Tweet Containing Question Mark Isn't Defamatory--Boulger v. Woods

Tweet Containing Question Mark Isn’t Defamatory–Boulger v. Woods

In 2016, the Chicago Tribune published a photo of a woman giving a Nazi salute at a Trump rally. Twitter user @voxday wrongly identified the plaintiff as that woman. Shortly afterwards, actor James Woods, who then had 350,000 twitter users,…

2H 2018 Quick Links, Part 6 (IP, E-Commerce, Censorship, & More)

Intellectual Property * Daniel v. FanDuel (Ind. Oct. 24, 2018): “online fantasy sports operators that condition entry to contests on payment and distribute cash prizes do not violate the Indiana right of publicity statute when those organizations use the names, pictures,…

When a $1M+ Publicity Rights Damages Award Isn’t a Win–Olive v. GNC

This case provides a fascinating look into the rough-and-tumble world of publicity rights damages. It raises the philosophical, and intensely practical, question of just how much a face is worth. The answer: a lot, but not nearly as much as…

Google Photos Defeats Privacy Lawsuit Over Face Scans--Rivera v. Google

Google Photos Defeats Privacy Lawsuit Over Face Scans–Rivera v. Google

This case provides a glimpse into the legacy of the Supreme Court’s Spokeo decision on the injury-in-fact requirements for Article III standing in federal court. When it was issued, I called Spokeo a “jurisprudential clusterfuck.” Indeed, the subsequent caselaw has been…

The Ongoing Saga of the Florida Bar’s Angst About Competitive Keyword Advertising

In August, I reported on the Florida Bar’s continued angst about regulating competitive keyword advertising by lawyers. Read my post, “The Florida Bar and Competitive Keyword Advertising: A Tragicomedy (in 3 Parts),” for the full background. The short story is…

Another Section 512(f) Case Fails–ISE v. Longarzo

This ruling doesn’t break a lot of new doctrinal ground. Another 512(f) case fails–nothing new. I’m blogging mostly for completeness and as a follow up to my May post remarking that a 512(f) case survived a motion to dismiss. At…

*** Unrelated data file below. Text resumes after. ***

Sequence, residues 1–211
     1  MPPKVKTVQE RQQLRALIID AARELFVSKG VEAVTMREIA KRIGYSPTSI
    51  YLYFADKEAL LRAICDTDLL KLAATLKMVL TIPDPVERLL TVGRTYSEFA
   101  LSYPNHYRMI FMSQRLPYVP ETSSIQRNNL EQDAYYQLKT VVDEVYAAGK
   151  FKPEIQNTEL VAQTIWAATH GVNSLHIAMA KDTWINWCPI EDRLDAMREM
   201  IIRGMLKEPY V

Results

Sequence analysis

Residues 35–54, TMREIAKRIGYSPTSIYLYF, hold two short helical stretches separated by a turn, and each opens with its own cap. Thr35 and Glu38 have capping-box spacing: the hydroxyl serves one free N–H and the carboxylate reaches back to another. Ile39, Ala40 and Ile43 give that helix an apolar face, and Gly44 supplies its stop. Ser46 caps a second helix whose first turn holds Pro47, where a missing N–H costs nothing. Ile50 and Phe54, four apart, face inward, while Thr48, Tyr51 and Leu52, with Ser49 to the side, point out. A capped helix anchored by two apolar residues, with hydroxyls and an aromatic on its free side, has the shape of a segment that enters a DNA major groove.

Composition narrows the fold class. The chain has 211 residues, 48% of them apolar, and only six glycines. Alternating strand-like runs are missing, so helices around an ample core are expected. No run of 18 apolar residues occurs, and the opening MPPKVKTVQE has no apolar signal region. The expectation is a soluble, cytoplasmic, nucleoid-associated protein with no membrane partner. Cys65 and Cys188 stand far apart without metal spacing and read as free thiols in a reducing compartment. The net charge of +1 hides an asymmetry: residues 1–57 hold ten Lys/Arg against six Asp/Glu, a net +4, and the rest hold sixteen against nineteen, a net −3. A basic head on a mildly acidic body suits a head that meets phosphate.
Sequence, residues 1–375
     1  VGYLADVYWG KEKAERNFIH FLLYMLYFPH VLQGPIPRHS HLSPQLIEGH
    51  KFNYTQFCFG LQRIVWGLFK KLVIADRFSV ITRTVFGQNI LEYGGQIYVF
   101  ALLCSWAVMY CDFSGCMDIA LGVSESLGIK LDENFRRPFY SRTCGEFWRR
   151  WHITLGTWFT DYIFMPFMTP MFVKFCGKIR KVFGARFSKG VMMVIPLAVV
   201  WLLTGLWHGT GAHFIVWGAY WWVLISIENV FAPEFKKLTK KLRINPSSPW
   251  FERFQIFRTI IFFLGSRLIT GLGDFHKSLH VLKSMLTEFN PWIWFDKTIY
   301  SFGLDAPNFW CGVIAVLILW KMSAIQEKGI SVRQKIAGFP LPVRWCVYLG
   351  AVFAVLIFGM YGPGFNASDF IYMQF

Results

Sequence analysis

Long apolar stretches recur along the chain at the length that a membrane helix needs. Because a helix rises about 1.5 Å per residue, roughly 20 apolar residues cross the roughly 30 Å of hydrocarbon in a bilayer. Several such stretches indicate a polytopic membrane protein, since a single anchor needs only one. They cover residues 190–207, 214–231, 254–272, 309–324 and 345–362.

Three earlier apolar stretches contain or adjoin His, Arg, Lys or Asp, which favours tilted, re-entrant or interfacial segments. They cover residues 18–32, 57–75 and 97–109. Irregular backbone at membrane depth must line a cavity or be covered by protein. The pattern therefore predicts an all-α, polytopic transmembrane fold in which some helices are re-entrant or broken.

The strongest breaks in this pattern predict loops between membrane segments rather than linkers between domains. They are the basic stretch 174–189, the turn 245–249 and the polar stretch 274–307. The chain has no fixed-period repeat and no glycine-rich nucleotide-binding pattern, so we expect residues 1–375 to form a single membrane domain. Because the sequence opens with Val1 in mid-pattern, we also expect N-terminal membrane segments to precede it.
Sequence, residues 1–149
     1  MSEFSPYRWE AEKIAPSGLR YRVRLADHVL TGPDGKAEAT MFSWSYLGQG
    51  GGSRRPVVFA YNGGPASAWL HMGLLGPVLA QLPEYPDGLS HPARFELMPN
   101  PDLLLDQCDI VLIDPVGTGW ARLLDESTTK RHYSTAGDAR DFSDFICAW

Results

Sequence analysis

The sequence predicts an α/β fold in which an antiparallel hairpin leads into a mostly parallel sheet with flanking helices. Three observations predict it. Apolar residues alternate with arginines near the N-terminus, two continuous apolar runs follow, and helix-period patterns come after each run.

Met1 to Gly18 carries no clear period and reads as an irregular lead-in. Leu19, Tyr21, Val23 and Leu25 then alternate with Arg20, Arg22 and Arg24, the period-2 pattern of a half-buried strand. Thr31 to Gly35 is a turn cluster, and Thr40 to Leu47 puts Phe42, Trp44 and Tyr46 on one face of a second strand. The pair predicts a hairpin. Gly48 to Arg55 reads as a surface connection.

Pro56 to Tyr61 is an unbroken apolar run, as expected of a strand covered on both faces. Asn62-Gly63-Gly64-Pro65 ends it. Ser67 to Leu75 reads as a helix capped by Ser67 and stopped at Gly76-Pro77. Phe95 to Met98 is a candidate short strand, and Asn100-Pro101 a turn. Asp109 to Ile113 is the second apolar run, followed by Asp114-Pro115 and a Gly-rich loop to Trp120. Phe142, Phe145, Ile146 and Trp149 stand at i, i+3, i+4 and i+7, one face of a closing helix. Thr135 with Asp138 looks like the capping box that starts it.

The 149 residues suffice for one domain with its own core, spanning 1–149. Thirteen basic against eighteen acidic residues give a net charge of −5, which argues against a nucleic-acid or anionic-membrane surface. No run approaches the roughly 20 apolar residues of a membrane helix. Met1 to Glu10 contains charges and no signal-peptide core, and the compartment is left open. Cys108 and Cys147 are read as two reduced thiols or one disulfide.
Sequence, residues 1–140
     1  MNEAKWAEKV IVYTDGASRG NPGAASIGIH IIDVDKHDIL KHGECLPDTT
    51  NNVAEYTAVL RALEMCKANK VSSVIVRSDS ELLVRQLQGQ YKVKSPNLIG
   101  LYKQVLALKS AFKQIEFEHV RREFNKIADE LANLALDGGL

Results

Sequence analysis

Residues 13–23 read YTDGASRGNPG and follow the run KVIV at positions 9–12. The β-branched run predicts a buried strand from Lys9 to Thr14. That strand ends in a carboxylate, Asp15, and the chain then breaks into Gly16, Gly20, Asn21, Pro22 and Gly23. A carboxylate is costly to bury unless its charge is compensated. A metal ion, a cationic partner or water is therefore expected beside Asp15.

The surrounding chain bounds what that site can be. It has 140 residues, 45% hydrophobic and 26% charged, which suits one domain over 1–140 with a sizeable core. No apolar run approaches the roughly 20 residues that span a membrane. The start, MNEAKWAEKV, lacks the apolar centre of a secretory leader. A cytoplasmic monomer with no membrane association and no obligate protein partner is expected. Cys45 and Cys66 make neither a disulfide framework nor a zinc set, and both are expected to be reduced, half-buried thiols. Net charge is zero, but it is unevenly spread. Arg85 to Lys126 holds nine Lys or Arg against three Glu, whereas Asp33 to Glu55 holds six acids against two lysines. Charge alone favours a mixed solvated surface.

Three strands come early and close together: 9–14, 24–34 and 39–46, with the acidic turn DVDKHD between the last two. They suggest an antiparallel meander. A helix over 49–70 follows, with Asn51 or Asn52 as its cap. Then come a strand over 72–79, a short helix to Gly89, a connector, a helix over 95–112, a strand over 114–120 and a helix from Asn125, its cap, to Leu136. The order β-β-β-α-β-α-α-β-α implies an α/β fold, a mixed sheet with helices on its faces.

2H 2017 & Q1 2018 Quick Links, Part 1: Copyright, Trademarks, Keyword Ads

[As you can tell, my ability to prepare these Quick Links posts has degraded substantially…better late than never?] Copyright * The Executive Corp. v. Oisoon, LLC, 2017 WL 4310113 (M.D. Tenn. Sept. 28, 2017). A default judgment: “A section 1202(b)(1)…

Realistic Docudramas Don't Violate California Publicity Rights--deHavilland v. FX

Realistic Docudramas Don’t Violate California Publicity Rights–deHavilland v. FX

By Guest Blogger Tyler Ochoa Last week, the California Court of Appeal ordered the dismissal of a right of publicity and false-light privacy lawsuit brought by legendary actress Olivia de Havilland  against FX Networks over the depiction of her in…

Lindsay Lohan Loses Publicity Rights Case Over Grand Theft Auto--Lohan v. Take-Two

Lindsay Lohan Loses Publicity Rights Case Over Grand Theft Auto–Lohan v. Take-Two

Lindsay Lohan is the new spokesperson for Lawyer.com, and boy is she qualified to talk about that subject! Her litigiousness should have earned her a street JD. Sadly, though, her voluminous experience with the law hasn’t adequately sharpened her legal acumen, and…

Twitter Defamation Claim Defeated by a Question Mark--Boulger v. Woods

Twitter Defamation Claim Defeated by a Question Mark–Boulger v. Woods

This is a defamation lawsuit brought against James Woods by a woman (Portia Boulger) who was wrongly identified as a Nazi supporter online. In March, candidate Trump had a rally in Chicago. The Tribune posted a photo of a woman…